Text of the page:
Songs with Earlier Histories Than the Hit Version

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Good Lovin’

Originally recorded by Limmie Snell aka Lemme B. Good (1965).
Hit versions by The Olympics (US #81 1965), The Young Rascals (US #1/CAN #1/AUS #43 1966).

From the wiki: “The song was first recorded in early 1965 by Canton, Ohio, R&B singer Limmie Snell under the name ‘Lemme B. Good’. About a month later the song was covered — with considerably rewritten lyrics — by R&B/novelty artists the Olympics, but this version was only moderately successful at best, reaching #81 on the Billboard Pop Singles chart.

“The tale is told that Rascal Felix Cavaliere heard the Olympics’ recording played on a New York City radio station and the group added it to their concert repertoire. Co-producer Tom Dowd captured this live feel on the recording, even though the group did not think their performance held together well.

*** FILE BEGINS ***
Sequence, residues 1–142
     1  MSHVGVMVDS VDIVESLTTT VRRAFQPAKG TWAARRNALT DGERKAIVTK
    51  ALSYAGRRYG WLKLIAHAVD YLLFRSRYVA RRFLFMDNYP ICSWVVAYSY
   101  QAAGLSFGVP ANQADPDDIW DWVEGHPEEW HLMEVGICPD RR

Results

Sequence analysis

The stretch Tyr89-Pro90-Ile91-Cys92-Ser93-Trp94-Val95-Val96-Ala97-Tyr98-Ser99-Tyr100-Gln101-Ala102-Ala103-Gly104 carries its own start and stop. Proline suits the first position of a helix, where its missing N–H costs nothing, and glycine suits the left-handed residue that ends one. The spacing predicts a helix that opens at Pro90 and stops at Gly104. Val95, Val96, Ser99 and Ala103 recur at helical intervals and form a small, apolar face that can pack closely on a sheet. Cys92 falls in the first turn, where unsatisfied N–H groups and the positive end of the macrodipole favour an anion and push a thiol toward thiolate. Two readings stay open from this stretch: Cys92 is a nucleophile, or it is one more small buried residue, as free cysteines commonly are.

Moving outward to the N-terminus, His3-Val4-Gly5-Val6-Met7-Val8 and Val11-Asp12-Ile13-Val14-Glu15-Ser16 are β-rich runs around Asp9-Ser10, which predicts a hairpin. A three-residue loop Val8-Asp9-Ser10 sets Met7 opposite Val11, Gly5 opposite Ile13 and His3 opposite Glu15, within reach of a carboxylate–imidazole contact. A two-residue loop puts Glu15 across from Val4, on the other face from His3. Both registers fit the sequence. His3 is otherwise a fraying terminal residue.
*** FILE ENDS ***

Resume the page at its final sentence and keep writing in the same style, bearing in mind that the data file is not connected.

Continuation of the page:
“Divining a mixture of garage rock and white soul, the Rascals’ ‘Good Lovin” jumped out of radios with a ‘one – two – three’ count-in, high-energy instrumentation, and insistent call-and-response vocals from Cavaliere and the band.

“‘Good Lovin” is one of The Rock and Roll Hall of Fame’s 500 Songs that Shaped Rock and Roll, and was ranked #325 on Rolling Stone’s 500 Greatest Songs of All Time list. Writer Dave Marsh placed it at #108 in his 1989 book The Heart of Rock and Soul: The 1001 Greatest Singles Ever Made, saying it is ‘the greatest example ever of a remake surpassing the quality of an original without changing a thing about the arrangement.'”

The Olympics, “Good Lovin'” (1965):

The Young Rascals, “Good Lovin'” (1966):

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